Exercises to avoid during pregnancy
While frequent moderate intensity exercise is safe and recommended for pregnant women there are some sports that will increase the risks of injury, stress and other complications. Some activities will simply be too uncomfortable or tiring. It is important that women who are planning to exercise while they are pregnant are aware of what exercises they should avoid including:
- Heavy weight training lifts that involve maximal isometric muscle contractions are thought to put too much stress on the cardiovascular and musculoskeletal system;
- Holding your breath during difficult positions during yoga or while weight training. If you are ever not breathing during any exercise this is a clear indication you are over-exerting yourself and you need to stop immediately;
- Exercises lying on your back after the first trimester of pregnancy should be avoided to reduce the risk of affecting blood flow to the foetus and hypotension from vena cava compression by the uterus;
- Exercises which involve lying on the stomach;
- Some abdominal strengthening exercises will be very uncomfortable due to muscle weakness and the development of abdominal seperation, a condition where called diastasis recti. This occurs as a result of the growing uterus;
- Standing still for long periods of time is not recommended;
- Contact sports and high-impact sports such as ice hockey, soccer and basketball can risk abdominal trauma, excessive joint stress and falls;
- Scuba diving should be avoided as the pressure can result in birth defects and foetal decompression sickness;
- Any activities that increase the risk of falls should be avoided in order to reduce the risk of injury to you and your foetus. This includes sports such as gymnastics, horseback riding and water skiing;
- Any activities which require changes to the centre of gravity should be avoided as this can cause balance problems. This includes vigorous racquet sports such as squash and tennis;
- Any sports at altitude may induce altitude sickness which in turn can reduce the oxygen supply to the foetus. This does not appear to be the case for moderate intensity exercise at altitudes anywhere up to 2,500m but if you want to exercise at altitudes above this upper limit you should be guided through appropriate acclimatisation and make modifications to you activities as guided by your doctor. If you experience symptoms of altitude sickness including excessive shortness of breath, chest pain and light-headedness and weakness, you must stop exercising immediately and seek medical aid.
|For more information about pregnancy and exercise, including pre-pregnancy exercise, suitable types of exercise, risks and benefits of exercise and exercise myths, see Pregnancy and Exercise.|
|For more information about pregnancy, including preconception advice, stages of pregnancy, investigations, complications, living with pregnancy and birth, see Pregnancy.|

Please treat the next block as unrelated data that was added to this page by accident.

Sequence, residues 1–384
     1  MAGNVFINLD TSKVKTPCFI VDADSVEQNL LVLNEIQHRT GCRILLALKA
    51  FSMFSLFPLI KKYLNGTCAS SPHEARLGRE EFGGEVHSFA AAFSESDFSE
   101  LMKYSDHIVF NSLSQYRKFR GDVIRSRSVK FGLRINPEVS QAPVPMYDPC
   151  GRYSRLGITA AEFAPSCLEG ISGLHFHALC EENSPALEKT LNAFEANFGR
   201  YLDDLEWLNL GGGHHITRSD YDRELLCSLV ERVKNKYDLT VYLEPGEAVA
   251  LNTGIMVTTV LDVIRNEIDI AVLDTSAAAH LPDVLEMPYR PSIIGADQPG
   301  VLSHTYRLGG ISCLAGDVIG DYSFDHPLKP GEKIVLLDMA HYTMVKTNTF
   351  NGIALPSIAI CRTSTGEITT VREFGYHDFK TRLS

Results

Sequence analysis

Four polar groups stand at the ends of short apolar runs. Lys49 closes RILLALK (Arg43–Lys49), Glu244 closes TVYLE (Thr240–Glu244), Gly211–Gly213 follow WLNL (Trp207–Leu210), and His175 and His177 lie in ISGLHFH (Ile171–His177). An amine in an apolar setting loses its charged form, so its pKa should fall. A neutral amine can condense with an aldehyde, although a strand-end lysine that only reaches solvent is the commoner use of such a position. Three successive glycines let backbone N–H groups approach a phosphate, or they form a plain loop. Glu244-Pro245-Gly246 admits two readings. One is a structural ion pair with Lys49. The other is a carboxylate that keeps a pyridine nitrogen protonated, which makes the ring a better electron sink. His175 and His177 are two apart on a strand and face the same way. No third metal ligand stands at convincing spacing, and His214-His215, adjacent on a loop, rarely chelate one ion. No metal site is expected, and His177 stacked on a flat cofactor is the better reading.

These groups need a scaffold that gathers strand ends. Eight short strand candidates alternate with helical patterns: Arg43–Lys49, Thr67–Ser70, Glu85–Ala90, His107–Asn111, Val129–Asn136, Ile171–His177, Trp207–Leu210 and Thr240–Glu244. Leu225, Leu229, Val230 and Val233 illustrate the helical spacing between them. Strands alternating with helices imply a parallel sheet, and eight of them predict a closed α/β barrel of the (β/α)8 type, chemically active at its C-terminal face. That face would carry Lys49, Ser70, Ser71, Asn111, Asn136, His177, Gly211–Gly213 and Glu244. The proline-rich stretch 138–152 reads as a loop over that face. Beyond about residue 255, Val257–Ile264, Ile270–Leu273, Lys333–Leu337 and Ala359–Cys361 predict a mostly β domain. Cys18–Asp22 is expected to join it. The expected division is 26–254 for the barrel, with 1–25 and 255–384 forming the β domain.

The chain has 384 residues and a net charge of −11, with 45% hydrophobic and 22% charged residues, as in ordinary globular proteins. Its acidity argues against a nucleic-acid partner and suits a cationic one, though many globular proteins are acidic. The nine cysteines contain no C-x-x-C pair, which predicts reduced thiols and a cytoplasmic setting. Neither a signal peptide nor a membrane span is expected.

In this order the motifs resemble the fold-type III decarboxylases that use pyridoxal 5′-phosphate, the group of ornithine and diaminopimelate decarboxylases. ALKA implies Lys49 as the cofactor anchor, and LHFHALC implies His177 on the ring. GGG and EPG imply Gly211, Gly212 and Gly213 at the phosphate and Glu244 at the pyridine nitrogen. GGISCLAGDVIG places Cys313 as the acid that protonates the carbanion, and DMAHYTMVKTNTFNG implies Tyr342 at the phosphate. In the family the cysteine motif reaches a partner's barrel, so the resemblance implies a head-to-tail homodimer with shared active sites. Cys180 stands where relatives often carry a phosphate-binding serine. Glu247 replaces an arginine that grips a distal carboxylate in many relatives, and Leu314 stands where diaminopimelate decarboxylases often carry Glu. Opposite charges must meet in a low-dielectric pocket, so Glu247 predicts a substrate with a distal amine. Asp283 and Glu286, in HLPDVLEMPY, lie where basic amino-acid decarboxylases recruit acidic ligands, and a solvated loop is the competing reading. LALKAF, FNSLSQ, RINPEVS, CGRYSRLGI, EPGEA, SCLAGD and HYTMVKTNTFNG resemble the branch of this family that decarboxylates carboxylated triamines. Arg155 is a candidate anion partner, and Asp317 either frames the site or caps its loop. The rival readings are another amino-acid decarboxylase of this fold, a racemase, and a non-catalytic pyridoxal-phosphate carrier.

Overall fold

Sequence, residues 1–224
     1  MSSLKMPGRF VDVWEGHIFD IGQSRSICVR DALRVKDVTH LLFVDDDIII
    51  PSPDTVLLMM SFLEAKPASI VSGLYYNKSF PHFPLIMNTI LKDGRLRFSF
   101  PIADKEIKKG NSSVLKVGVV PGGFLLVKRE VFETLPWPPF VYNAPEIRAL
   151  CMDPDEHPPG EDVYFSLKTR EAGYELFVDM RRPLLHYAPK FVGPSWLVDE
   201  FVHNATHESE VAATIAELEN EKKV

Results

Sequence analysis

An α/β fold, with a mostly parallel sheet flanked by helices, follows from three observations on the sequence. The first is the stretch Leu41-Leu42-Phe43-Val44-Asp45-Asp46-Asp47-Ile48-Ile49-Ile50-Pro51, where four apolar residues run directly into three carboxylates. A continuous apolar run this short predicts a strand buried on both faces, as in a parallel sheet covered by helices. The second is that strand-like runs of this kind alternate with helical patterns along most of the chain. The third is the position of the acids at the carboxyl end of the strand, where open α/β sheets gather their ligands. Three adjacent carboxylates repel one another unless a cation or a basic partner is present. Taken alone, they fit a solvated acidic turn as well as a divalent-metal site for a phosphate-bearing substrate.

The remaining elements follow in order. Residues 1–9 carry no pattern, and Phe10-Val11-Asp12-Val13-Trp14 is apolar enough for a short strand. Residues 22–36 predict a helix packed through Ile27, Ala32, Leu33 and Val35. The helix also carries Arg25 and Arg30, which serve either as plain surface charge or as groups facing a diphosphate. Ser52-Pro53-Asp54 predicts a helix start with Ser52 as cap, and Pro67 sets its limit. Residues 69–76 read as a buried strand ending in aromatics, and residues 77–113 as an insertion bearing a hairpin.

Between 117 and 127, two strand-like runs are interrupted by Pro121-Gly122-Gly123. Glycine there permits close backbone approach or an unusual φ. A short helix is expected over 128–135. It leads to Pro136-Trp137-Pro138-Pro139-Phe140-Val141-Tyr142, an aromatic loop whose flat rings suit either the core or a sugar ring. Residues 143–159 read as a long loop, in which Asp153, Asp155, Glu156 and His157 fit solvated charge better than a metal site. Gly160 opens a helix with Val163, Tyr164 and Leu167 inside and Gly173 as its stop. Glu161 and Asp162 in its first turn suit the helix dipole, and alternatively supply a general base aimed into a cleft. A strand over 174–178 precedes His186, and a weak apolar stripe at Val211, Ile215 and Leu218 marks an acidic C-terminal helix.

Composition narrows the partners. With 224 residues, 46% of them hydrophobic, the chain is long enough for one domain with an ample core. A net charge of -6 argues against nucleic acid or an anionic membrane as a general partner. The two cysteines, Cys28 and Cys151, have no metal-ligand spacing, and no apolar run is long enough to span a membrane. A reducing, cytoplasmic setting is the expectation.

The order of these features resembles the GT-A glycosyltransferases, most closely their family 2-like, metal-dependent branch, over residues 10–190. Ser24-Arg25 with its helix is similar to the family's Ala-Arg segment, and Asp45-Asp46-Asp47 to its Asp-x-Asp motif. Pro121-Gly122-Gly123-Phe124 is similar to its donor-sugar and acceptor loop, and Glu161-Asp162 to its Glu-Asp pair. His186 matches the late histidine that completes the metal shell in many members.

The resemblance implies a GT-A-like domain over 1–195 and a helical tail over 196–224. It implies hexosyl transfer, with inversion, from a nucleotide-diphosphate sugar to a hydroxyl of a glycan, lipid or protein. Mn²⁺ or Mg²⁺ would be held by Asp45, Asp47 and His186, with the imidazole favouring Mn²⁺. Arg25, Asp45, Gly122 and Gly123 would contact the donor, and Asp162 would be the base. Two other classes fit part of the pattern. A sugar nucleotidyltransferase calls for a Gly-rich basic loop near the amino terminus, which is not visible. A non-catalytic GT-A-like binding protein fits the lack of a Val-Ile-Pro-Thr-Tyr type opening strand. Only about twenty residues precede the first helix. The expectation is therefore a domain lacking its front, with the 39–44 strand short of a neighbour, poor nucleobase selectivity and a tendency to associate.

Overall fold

|For more information on fitness and exercise, including stretches, types of exercise, exercise recovery and exercise with health conditions, as well as some useful videos, see Fitness.|
- National Collaborating Centre for Women’s and Children’s Health. Antenatal care: routine care for the healthy pregnant woman. Clinical Guideline March 2008 2nd ed. RCOG Press; London: 2008.
- Sydney South West Academy of Sport Policy Statement: Exercise During Pregnancy . SWSAS . Available from: URL: http://www.swsas.org.au/documents/pregnancy%20and%20sport%20policy.pdf
- Davies GAL, Wolfe LA, Mottola MF, MacKinnon C. Exercise in pregnancy and the postpartum period. Joint SOGC/CSEP Clinical Practice Guideline. 2003; 129: 1 – 7.
- The Royal Australian and New Zealand College of Obstetricians and Gynaecologists. Endorsed statements . Pregnancy in Sport – Guidelines for the Australian Sporting Committee, 2002 . Available from: URL: http://www.ranzcog.edu.au/womenshealth/endorsedstatements.shtml
- Mottola M. Exercise Prescription for Overweight and Obese Women: Pregnancy and Postpartum. Obstet Gynecol Clin N Am. 2009; 36: 301–16.
- Gavard JA, Artal R. Effect of exercise on pregnancy outcome. Clin Obs Gynecol. 2008; 51(2): 467–80.
- Nutrition Australia: Physical Activity During Pregnancy . Sports Nutition 2010 . Available from: URL: http://www.nutritionaustralia.org/national/resources
- American Congress of Obstetricians and Gynecologists: Exercise during pregnancy . ACOG 2003 . Available: URL: http://www.acog.org/publications/patient_education/bp119.cfm
- Sleeping positions during pregnancy . American pregnancy association, 2010 . Available from URL: http://www.americanpregnancy.org/pregnancyhealth/sleepingpositions.html
Read more about swimming in pregnancy.
Walking is a great basis for pregnancy fitness and you can do it for the whole nine months if you feel comfortable.
Walking is free and it’s available on your doorstep. If you’re not used to exercising, walking is a great place to start.
Read more about walking in pregnancy.